The contempt of the scribes and Pharisees was more than just the smugness of superiority it was based upon legalism. The Jews had a neatly packaged system of rules and regulations that prescribed an external kind of righteousness. Those who judged, condemned the people and did so on the basis that those who were righteous kept their rules, but the rest failed to do so, and indeed, were ignorant of those rules and regulations (John 7:49). These self-appointed judges set themselves up as those who were qualified to pronounce upon a person’s spirituality by the standards of his own system of rules. They supposed that men would conform to these rules by the external pressure of those religious leaders who judged their performance by their man made laws.
Here was the problem within Judaism in the days of the Savior. Here is the problem within Christianity today. Men are directing their efforts toward producing righteousness through external acts. Worse yet, they are attempting to force this error on others by pressuring men to be righteous by keeping man made rules and regulations and rituals. These efforts are futile and doomed to failure because they do not change a man’s heart. No man can be made righteous until God radically changes his heart. Religion today is trying to reform men, but only Christ can transform men by giving them a new heart. Religion and reform will never save sinful man; only a renewal of heart can do that (Titus 3:5-7).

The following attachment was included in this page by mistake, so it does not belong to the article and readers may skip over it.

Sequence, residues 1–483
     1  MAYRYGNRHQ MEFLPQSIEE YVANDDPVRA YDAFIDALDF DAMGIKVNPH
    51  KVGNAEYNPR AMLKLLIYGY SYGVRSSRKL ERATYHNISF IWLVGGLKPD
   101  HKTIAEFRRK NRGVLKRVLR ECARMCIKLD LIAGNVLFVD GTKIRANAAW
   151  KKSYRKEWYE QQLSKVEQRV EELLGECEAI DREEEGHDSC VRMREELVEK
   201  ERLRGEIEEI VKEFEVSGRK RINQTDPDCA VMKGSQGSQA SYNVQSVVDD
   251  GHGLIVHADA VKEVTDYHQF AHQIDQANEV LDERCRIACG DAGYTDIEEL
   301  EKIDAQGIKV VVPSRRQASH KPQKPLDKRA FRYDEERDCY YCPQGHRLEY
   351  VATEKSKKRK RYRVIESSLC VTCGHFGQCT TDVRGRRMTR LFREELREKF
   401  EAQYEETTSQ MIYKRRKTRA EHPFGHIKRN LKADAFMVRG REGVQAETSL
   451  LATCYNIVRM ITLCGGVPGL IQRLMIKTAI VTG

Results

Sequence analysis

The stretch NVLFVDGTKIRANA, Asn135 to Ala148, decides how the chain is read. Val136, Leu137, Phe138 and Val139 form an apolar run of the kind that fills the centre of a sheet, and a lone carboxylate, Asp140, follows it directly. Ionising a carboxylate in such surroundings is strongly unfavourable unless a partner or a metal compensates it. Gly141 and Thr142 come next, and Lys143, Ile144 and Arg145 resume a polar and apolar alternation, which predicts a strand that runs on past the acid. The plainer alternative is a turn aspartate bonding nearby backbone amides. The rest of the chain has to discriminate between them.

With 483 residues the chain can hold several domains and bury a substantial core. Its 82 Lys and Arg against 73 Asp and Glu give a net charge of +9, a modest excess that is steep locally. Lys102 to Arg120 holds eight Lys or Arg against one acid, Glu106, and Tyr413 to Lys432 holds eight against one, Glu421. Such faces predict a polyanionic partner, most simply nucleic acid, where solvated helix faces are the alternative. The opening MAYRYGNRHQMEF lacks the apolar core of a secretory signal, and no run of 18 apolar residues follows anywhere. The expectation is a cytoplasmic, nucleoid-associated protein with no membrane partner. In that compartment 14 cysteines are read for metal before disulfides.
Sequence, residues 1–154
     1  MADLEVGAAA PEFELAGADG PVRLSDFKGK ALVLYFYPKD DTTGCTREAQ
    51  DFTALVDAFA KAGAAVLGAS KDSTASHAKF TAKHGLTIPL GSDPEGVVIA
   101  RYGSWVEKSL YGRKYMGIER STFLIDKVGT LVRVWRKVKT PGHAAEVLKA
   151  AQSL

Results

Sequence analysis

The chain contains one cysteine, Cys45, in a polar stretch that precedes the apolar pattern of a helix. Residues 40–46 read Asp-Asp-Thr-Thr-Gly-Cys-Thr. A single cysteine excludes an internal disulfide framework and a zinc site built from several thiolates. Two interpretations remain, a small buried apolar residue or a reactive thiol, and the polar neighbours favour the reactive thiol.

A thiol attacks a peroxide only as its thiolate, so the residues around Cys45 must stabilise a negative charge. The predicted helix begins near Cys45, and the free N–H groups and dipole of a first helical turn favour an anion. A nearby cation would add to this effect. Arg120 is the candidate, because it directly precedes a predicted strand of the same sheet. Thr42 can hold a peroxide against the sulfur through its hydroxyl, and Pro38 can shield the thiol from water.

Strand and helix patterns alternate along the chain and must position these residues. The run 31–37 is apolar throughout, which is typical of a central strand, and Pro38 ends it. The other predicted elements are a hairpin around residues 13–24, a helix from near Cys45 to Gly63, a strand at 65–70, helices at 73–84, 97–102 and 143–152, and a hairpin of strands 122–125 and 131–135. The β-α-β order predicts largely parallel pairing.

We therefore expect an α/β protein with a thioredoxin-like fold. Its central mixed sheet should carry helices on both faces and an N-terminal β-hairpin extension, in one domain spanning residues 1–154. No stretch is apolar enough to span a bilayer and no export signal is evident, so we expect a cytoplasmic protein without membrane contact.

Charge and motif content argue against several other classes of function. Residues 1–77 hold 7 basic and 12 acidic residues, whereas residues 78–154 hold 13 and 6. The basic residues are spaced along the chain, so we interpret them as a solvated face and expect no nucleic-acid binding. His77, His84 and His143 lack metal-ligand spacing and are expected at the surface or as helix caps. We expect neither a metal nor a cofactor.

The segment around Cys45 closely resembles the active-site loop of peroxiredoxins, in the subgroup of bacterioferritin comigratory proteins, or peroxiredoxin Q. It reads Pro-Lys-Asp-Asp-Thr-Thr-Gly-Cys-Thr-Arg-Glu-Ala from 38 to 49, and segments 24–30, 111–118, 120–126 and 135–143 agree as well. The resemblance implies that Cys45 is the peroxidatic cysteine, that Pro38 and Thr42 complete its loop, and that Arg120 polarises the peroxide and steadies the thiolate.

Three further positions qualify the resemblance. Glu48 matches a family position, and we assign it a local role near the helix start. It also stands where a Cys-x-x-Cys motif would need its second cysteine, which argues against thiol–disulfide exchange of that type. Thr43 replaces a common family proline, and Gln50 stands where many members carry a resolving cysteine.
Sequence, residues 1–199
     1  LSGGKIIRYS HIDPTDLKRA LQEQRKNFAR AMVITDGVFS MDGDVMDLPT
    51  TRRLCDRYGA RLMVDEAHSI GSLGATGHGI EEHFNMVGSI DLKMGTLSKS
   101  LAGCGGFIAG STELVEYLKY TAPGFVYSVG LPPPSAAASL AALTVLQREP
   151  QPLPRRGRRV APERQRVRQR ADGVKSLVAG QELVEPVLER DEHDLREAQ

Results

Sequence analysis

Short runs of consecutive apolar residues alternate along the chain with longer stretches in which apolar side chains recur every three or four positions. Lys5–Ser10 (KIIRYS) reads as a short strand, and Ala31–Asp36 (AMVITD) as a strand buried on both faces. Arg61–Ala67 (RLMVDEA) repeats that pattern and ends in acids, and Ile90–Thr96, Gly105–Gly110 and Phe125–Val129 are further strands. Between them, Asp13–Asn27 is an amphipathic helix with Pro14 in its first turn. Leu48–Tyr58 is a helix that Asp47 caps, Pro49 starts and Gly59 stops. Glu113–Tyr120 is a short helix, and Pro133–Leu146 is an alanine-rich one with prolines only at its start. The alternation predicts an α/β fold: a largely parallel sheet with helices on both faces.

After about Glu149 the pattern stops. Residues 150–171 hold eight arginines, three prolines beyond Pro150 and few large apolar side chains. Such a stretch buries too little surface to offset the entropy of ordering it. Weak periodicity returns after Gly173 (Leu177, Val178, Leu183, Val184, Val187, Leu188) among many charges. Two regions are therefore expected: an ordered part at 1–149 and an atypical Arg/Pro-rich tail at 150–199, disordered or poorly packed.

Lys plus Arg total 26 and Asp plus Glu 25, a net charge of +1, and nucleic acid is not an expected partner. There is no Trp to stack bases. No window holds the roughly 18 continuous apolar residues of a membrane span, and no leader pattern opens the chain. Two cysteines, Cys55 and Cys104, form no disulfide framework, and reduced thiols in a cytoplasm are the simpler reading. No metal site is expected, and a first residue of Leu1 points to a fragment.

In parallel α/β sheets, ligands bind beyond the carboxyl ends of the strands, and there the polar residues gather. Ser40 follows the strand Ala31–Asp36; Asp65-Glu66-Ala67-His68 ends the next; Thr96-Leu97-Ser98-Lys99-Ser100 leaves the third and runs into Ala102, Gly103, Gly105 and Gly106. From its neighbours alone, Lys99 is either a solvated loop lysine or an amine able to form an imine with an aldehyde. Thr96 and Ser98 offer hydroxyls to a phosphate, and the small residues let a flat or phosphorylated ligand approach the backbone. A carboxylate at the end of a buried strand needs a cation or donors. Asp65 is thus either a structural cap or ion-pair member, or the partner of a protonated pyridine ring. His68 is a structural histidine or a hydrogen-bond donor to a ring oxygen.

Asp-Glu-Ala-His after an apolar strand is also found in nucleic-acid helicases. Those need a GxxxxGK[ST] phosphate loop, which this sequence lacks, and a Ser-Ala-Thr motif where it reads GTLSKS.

Jesus told the disciples why they should not judge others, “so that you will not be judged.” Judging is a divine prerogative. We take too much upon ourselves if we set ourselves over others to judge them. It is not the privilege or the position of a servant to judge other servants. That is the responsibility of their master. We make ourselves masters and not servants when we judge others.
The judging that Jesus condemns is wrong because it is criticism arising from impure motives. It attempts to emphasize one’s own righteousness at the expense of a brother’s reputation. The only criticism or correction that is praiseworthy is that which is prompted by genuine love. Love does not seek a brother’s downfall, but his edification (Romans 14:13, 19). Love is reluctant to believe the worse and hopeful of the best, “Love is patient, love is kind, and is not jealous; love does not brag and is not arrogant, does not act unbecomingly; it does not seek its own, is not provoked, does not take into account a wrong suffered, does not rejoice in unrighteousness, but rejoices with the truth; bears all things, believes all things, hopes all things, endures all things” (1 Corinthians 13:4-7). “Love seeks to conceal unrighteousness, not to expose it” (1 Peter 4:8).
It was the legalistic rules and regulations by which men judged others, rather than by God’s law (James 4:11-12). The tendency to go beyond the requirements of scripture is clearly implied by Jesus when He warned that the standard by which we judge men is the standard by which we will be judged ourselves (Matthew 7:2). If we wish to be overly demanding on others, we must accept this same standard for our own conduct (Romans 2:1-2).